Matt Preston :
Reveals his ultimate kitchen pranks
IT all started with the BBC’s highly respected current affair show Panorama doing an in-depth report on the failing spaghetti harvest in Italy, complete with Italian farmers picking spaghetti off spaghetti trees. Since that hoax report on April 1, 1957, food pranks have become so much part and parcel of April Fools’ Day that it might as well be renamed April Food’s Day.
We’ve seen the April 1 announcement of the prettily hued ‘bluenana’, claimed to be the result of crossing a blueberry bush with a banana tree; the launch of ecologically responsible ‘eagle-caught salmon’; and the world’s first six-legged lamb, to reduce the cost of Sunday roasts.
As prank-hungry social media has boomed, we’ve seen companies put out April 1 posts about everything from their barbecue-flavoured gum, to a new fragrance ‘Cheetau’ that would make you smell like a cheese and bacon puff. This was a personal favourite, along with the Brooklyn barbecue restaurant that announced it would only be selling grilled tofu, which obviously caused huge uproar among their carnivorous clientele.
It seems that the bigger the company the more ingeniously ridiculous their April Fools’ innovation. Think: Domino’s unveiling its edible box made of pizza crust, or KFC’s mighty mouth expander.This fearsome mechanical device would enlarge your mouth wide enough to accept a particularly huge chicken burger.
The corporate food world doesn’t hold the monopoly on pranks, in fact, there are so many in professional kitchens you could be forgiven for thinking every day is April Fools’ Day. The most vicious tend to be perpetrated by chefs on chefs and often push the line – especially when the chef who drinks the chilli-spiked drink is allergic to chillies, or the cayenne pepper dusting their work pants results in hospitalisation. Chilli is an obvious choice for chef pranks. There’s wiping a super-hot habanero over the rim of a rival chef’s coffee mug, or sneakily filling the straw in a drink with hot sauce. Slightly less brutal is asking them to mop the freezer floor, and far funnier is freezing in a block of ice the knives of a young apprentice who has foolishly left them lying around, battering and deep-frying their kitchen tongs, or placing a couple of raw eggs among the 200 hard-boiled eggs that are awaiting peeling.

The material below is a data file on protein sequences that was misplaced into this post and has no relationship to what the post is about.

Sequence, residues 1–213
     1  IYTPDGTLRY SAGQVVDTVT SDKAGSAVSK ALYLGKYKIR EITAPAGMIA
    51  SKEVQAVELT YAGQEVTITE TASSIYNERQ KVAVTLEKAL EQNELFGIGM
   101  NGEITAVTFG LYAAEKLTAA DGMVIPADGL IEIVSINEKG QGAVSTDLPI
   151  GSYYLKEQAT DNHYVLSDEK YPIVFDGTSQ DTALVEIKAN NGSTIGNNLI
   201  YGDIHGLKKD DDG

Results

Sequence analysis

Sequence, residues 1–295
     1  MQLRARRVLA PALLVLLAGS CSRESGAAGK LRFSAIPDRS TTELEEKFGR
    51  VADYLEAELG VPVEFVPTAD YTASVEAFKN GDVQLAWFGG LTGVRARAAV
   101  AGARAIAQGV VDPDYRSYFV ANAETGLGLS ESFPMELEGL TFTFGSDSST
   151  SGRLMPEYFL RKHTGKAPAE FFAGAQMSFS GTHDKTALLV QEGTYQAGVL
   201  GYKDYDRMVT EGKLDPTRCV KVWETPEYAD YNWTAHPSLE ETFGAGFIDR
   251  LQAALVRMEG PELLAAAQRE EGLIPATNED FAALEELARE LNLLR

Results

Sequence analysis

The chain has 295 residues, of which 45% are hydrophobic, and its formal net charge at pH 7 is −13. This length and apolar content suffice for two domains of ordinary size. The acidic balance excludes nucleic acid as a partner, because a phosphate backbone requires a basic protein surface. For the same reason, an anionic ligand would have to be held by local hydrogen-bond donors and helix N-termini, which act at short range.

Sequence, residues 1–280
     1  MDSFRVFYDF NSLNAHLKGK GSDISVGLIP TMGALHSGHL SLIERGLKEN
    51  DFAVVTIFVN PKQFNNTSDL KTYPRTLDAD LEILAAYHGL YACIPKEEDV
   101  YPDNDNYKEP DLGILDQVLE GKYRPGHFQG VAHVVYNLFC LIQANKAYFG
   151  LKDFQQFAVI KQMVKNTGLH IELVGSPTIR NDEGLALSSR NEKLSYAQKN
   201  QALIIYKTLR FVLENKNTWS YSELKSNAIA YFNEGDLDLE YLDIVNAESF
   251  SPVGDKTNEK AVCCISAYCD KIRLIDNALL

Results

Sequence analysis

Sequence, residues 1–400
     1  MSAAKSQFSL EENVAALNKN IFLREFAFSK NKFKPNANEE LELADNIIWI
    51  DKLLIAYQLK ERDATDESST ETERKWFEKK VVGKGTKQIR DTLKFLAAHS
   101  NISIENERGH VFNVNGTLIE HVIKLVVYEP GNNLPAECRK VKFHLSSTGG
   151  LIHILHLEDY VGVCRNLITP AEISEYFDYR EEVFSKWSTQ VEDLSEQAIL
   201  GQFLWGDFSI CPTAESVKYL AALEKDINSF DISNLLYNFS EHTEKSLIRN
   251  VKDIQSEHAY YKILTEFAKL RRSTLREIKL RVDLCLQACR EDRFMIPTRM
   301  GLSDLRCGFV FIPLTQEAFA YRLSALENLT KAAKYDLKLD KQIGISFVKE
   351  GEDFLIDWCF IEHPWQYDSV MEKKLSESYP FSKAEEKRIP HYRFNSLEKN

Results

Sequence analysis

Given the long-running rivalry between chefs and floor staff, a fair number of the most infamous kitchen pranks are committed against waiters. There is much joy in hiding a metal skewer in that baguette they are about to slice, or waiting for them to cut up a baguette that you’ve appropriated with a flour-filled balloon bomb.
Chefs also find a special pleasure in watching waitstaff do impossible tasks like draining all the water from the plumbed-in coffee machine. It’s so much more creative than asking the new apprentice to visit all the neighbouring restaurants, asking if they have a spare can of steam they can borrow for the coffee machine.
Chefs also take particular umbrage with floors taff who snack on food they have prepared for service. That’s why chefs have learned to leave boobytrapped punishments on the pass for transgressing waiters; whether that be
“WE’VE SEEN THE WORLD’S FIRST SIX-LEGGED LAMB, TO REDUCE THE COST OF SUNDAY ROASTS”
Oreos refilled with toothpaste, chocolate mousse spiked generously with Worcestershire sauce, choc covered quail eggs that look like chocolate truffles, and little bowls of crème brûlée made from toffee-topped mayonnaise – yuck. All are distinctly unpleasant surprises designed to make waiters think twice about helping themselves. A more menacing revenge is serving a recalcitrant waiter a battered dish rag as a schnitzel (or cut so it resembles onion rings) at staff dinner when everyone else at the table is getting the real thing.
Not that front-of-house staff is defenceless; there are tales of disgruntled waiters slipping dry ice into the dishwasher, or loading the kitchen air conditioning vents with flour. This is a revenge that just sits there waiting for the first hot service of summer. Sneakier are tricks like swapping out chef’s XL plastic gloves for small-sized ones, so you can watch a particularly unpleasant chef struggle during the pressure of service, or just swapping the combination lock on their locker with an identical one with a different combination.
Of course, none of these pranks equal the best prank I have witnessed at the beautiful, candlelit table of a luxe safari camp.The chef had made one of the campers a glorious and huge glazed chocolate cake decorated with all manner of candles, whipped cream and sprinkles.The birthday boy went through all the usual rituals, proudly blowing out the candles, only to find, when he cut into it, that the cake was actually just a large, chocolate-covered elephant ‘road apple’ (dung). The surprise, and the contrast of the low-brow gag with the impeccably swank surroundings, resulted in much hilarity.
“THERE IS MUCH JOY IN HIDING A METAL SKEWER IN THAT BAGUETTE THEY ARE ABOUT TO SLICE”